Extraordinary Machines and Lizard Brains

I’m a big believer in motivational music to get you in the right mindset. Boxers listening to “Eye of the Tiger.” Sharks listening to the theme from Jaws.

Musical motifs – anthems – get you focused and remind you of what you’re doing and why. In all of my museum work, my philosophy centers around change. I don’t subscribe to change for change’s sake, but I do believe in being open and willing to continually examine who you are, what you do, and how you do it. Deliberate change is often the response to that process.

So what’s my anthem of museum change? As a musical child of the late 90s (who is resisting choosing a Backstreet Boys song – you’re welcome), my museum motif is Fiona Apple’s “Extraordinary Machine.” Take a listen.

“Extraordinary Machine”

I certainly haven’t been shopping for any new shoes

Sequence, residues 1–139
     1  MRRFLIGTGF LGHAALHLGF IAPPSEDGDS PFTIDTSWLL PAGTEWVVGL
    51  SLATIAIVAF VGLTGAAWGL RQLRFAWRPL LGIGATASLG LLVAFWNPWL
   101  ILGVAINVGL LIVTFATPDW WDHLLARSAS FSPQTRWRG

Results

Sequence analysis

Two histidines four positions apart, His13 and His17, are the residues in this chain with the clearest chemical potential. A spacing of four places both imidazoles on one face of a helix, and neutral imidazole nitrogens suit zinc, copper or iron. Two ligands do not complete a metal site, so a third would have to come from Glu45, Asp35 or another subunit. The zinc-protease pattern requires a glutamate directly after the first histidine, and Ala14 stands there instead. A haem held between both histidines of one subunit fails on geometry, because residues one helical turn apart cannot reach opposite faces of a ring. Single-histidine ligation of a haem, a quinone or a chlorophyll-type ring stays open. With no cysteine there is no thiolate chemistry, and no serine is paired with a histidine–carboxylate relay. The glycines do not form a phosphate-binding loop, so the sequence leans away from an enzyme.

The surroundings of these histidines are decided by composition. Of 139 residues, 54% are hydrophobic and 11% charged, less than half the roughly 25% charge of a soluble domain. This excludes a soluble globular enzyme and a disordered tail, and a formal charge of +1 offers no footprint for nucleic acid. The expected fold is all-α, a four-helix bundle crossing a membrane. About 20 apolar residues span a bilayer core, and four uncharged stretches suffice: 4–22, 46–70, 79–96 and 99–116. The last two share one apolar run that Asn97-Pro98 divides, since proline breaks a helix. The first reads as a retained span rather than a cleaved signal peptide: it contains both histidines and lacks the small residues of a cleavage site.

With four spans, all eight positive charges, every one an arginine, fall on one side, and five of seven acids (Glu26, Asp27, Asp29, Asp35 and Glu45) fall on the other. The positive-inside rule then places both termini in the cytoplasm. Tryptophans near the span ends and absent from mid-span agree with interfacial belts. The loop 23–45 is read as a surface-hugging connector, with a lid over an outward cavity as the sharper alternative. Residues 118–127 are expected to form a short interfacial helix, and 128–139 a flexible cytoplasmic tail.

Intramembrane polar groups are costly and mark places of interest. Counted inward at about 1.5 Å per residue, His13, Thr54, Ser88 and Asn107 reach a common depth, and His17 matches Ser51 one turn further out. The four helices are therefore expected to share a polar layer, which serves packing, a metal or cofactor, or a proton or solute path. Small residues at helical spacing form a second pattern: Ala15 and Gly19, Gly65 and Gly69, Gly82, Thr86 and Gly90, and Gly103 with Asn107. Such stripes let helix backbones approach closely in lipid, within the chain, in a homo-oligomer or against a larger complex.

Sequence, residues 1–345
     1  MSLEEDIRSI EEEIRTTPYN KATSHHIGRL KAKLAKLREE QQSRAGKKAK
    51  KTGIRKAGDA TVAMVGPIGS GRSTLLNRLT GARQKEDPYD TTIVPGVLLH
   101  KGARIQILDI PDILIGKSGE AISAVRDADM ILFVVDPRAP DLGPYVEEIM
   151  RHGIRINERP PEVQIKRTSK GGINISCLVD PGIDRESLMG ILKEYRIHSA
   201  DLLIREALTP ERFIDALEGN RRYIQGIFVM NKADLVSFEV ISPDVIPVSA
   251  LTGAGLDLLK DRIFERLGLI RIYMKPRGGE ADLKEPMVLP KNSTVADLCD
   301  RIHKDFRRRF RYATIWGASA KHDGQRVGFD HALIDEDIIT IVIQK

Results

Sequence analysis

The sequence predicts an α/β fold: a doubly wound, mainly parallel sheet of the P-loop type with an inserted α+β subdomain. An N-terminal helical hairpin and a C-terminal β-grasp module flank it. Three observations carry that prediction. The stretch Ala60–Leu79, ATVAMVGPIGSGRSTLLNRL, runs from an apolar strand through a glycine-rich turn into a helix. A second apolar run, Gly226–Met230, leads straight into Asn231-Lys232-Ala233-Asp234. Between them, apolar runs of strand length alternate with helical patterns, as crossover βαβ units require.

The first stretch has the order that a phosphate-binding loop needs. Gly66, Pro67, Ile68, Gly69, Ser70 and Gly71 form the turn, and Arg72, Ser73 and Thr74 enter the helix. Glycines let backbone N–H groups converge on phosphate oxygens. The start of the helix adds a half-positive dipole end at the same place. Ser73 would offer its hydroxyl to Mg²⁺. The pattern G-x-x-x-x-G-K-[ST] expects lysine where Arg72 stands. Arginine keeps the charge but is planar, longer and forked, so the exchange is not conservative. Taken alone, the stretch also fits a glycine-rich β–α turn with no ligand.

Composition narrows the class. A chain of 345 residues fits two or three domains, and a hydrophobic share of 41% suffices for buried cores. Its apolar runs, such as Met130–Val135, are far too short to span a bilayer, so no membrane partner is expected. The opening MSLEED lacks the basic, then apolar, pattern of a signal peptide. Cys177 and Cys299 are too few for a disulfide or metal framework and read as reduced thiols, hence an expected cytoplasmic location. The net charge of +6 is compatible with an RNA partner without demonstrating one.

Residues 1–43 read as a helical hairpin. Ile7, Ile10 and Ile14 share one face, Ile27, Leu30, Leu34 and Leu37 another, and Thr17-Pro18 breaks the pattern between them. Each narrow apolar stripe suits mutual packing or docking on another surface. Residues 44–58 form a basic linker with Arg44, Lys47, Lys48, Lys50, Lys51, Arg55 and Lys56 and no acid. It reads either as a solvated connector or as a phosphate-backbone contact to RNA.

-And-
I certainly haven’t been spreading myself around
I still only travel by foot and by foot, it’s a slow climb,
But I’m good at being uncomfortable, so
I can’t stop changing all the time

I notice that my opponent is always on the go
-And-
Won’t go slow, so’s not to focus, and I notice
He’ll hitch a ride with any guide, as long as
They go fast from whence he came
– But he’s no good at being uncomfortable, so
He can’t stop staying exactly the same

As silly as it might seem, I believe one of the biggest barriers to change in museums is the fear of being uncomfortable. “That’s not how we’ve done things…,” “We don’t know that audience…,” “We’ll look foolish…” After all, we’re supposed to be pantheons of knowledge that have all the answers. If we’re uncomfortable with who we are and what we’re doing, then who are we?

In Linchpin, Seth Godin talks about quieting our lizard brains – that basic, ancient part of the brain stem responsible for survival and, in us, fear of failure, fear of embarrassment, fear of being uncomfortable.

Whenever my lizard brain starts talking too loudly, I drown it out with Fiona.* Feeling uncomfortable is a small price to pay for the chance to affect good change.

*However, I don’t listen to Fiona when it comes to label writing. After all, this is the woman who once held the record for the world’s longest album title.

Do you have a motivational museum song?

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